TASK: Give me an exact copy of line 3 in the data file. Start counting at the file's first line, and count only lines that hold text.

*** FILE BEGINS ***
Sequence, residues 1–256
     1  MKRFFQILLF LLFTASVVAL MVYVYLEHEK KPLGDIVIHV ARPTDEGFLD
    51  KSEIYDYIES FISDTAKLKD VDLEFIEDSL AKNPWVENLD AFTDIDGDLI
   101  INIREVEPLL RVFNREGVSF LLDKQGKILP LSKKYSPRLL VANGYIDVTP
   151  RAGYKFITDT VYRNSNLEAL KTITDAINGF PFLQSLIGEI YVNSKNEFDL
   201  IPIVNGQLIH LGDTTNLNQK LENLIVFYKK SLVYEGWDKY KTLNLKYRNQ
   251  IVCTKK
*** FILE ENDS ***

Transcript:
    51  KSEIYDYIES FISDTAKLKD VDLEFIEDSL AKNPWVENLD AFTDIDGDLI